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Submission + - SPAM: ORF Democracy Survey

An anonymous reader writes: To mark India’s 70th year of Independence, Observer Research Foundation has launched an annual survey that will track the state of the ever maturing Indian democracy. This pan-India survey aims to collate the changing impressions of the country’s citizens toward their own evolving polity and gauge perceptions of the people about the state of politics in the country. The exercise also forms part of a larger effort that we have teamed up with GenronNPO and CSIS from Japan and Indonesia to capture citizen’s feedback about the state of democracy across their countries. With time we hope to add more partners to this effort.
Link to Original Source

Submission + - SolarCity To Develop Roofs Made of Solar Cells (computerworld.com)

An anonymous reader writes: SolarCity, the American provider of energy services recently purchased by Tesla Motors for $2.6 billion, is planning to produce a new "solar roof" product next year. Computerworld reports: "Five million roofs are replaced each year in the U.S., so instead of simply swapping out old shingles with new ones, why not turn the whole roof into a solar power generator that's integrated with your home's electrical utility? That is SolarCity's plan for a new product it expects to begin producing next year, according to statements made during the company's second-quarter earnings call last week. During the call, SolarCity Chief Technology Officer Peter Rive alluded to a new product that would be produced at the soon to open Buffalo, N.Y., solar panel manufacturing facility. Then SolarCity co-founder and Chairman Elon Musk interjected and said the product would be a solar roof, 'as opposed to a [solar] module on a roof.' The solar roof also has the advantage that it doesn't 'cannibalize' any existing SolarCity product, such as solar panels installed atop roofs, Musk said.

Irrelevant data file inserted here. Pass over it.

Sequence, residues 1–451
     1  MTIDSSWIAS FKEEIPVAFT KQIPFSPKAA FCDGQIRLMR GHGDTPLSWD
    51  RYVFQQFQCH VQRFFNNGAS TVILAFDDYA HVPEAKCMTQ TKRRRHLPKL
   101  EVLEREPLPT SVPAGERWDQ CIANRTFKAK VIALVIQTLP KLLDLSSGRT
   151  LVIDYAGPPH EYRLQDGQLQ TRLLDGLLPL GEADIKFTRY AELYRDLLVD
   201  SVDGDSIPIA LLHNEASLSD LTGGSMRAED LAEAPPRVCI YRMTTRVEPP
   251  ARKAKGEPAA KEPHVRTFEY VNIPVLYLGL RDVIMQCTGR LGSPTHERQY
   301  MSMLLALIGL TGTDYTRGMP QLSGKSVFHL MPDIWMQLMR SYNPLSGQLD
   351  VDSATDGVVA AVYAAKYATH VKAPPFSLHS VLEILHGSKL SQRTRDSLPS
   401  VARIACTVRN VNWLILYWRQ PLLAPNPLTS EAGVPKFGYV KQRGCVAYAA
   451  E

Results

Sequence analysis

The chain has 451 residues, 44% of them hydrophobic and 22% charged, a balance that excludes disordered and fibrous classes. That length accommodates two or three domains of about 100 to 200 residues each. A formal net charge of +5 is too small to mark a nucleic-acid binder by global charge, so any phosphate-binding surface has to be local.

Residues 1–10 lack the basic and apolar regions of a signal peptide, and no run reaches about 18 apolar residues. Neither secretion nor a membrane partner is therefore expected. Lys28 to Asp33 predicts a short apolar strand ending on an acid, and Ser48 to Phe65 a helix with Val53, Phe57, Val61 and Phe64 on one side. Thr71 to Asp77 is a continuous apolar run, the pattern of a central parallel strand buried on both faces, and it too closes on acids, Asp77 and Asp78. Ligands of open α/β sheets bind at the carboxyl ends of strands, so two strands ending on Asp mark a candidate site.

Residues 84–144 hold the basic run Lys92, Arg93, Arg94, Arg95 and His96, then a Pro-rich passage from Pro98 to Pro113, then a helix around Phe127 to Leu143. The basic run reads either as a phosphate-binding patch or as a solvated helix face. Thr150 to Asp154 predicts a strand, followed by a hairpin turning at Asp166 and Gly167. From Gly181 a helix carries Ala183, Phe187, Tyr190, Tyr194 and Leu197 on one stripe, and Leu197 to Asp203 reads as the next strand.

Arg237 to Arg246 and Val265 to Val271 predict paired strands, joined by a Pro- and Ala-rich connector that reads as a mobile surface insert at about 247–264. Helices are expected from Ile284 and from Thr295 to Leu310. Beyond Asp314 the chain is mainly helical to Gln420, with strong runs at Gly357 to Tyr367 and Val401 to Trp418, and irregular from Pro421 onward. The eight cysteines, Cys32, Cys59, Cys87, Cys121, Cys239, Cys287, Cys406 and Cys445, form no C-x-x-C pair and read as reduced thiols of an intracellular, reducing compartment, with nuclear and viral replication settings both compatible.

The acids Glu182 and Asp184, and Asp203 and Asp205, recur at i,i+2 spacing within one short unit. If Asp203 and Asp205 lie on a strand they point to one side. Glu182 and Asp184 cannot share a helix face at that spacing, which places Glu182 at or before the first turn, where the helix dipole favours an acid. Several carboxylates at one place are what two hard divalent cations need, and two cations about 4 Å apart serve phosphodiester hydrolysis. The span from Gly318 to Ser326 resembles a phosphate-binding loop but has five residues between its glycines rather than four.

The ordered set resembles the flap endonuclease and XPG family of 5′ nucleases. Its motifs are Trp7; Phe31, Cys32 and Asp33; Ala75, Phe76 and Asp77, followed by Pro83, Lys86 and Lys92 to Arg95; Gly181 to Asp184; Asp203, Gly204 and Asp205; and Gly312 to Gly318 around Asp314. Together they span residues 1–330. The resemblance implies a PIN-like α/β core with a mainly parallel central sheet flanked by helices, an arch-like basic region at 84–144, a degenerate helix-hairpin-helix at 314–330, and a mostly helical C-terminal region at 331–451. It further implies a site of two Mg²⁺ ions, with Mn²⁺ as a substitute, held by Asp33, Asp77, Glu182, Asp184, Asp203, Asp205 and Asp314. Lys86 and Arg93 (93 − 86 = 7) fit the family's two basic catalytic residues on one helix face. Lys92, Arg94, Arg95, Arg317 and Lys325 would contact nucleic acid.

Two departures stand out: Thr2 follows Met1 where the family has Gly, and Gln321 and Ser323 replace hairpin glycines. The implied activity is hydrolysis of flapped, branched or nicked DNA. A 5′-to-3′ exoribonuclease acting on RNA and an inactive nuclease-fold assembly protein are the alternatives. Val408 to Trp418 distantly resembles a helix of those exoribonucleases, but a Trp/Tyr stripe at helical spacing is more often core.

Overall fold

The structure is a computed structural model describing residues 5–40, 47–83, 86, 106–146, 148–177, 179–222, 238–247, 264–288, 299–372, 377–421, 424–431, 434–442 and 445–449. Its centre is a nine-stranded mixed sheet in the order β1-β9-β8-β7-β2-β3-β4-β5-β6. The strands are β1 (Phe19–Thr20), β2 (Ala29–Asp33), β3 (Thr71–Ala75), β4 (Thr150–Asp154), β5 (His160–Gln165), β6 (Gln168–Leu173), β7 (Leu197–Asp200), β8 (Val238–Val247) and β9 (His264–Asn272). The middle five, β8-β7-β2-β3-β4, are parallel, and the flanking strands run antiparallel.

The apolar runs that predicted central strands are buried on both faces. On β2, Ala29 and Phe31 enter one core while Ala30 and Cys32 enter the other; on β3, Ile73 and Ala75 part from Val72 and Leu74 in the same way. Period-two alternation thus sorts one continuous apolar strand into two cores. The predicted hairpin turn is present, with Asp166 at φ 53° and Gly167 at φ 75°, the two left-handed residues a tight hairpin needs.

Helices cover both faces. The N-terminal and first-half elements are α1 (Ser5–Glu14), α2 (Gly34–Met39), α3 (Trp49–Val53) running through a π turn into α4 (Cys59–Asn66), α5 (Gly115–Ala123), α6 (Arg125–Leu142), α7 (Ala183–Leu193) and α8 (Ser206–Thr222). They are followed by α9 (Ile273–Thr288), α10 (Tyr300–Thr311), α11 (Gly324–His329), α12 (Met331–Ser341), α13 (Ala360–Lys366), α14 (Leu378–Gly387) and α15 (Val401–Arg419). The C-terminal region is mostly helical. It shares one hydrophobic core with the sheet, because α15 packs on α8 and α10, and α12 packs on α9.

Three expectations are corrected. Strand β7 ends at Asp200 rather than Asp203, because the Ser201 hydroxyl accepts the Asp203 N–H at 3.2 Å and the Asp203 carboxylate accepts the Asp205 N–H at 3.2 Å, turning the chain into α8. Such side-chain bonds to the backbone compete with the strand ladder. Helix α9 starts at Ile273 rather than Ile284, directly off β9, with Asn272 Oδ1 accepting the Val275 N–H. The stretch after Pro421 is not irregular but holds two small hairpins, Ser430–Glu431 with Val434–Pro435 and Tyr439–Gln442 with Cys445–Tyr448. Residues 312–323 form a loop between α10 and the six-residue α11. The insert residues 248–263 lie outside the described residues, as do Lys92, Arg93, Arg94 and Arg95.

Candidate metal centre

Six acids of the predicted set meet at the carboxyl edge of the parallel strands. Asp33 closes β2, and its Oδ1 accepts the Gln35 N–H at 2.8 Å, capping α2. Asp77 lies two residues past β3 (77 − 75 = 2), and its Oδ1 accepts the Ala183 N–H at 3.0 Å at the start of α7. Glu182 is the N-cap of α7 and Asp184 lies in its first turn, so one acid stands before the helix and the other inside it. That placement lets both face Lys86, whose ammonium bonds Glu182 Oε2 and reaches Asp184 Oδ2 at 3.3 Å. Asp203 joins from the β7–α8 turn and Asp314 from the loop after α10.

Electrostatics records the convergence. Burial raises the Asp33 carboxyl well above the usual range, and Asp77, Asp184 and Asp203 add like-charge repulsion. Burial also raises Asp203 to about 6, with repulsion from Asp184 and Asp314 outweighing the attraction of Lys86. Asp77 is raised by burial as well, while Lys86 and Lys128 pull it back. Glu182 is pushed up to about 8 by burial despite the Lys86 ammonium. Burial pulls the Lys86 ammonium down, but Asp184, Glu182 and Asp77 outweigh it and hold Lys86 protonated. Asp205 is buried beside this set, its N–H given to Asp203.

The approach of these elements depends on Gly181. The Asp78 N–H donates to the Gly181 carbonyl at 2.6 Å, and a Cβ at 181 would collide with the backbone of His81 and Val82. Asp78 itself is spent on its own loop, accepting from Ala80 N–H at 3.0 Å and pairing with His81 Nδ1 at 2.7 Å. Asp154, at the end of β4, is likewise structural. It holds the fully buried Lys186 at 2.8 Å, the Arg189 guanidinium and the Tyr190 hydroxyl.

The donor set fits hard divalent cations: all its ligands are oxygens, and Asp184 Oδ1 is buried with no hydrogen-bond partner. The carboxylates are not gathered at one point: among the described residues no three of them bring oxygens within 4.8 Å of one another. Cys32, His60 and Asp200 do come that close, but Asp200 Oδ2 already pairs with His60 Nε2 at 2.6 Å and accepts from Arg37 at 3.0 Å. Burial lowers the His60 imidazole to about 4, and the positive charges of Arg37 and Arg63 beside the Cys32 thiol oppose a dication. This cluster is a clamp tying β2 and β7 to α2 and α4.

Submission + - Seagate Reveals 'World's Largest' 60TB SSD (zdnet.com)

An anonymous reader writes: While Samsung has the world's largest commercially available SSD coming in at 15.36TB, Seagate officially has the world's largest SSD for the enterprise. ZDNet reports: "Seagate's 60TB Serial Attached SCSI (SAS) SSD on the other hand opts for the familiar HDD 3.5-inch form factor. The company says that its drive has "twice the density and four times the capacity" of Samsung's PM1633a, and is capable of holding up to 400 million photos or 12,000 movies. Seagate thinks the 3.5-inch form factor will be useful for managing changing storage requirements in data centers since it removes the need to support separate form factors for hot and cold data. The company says it could also scale up capacity to 100TB in the same form factor. Seagate says the 60TB SSD is currently only a 'demonstration technology' though it could release the product commercially as early as next year. It hasn't revealed the price of the unit but says it will offer 'the lowest cost per gigabyte for flash available today.'"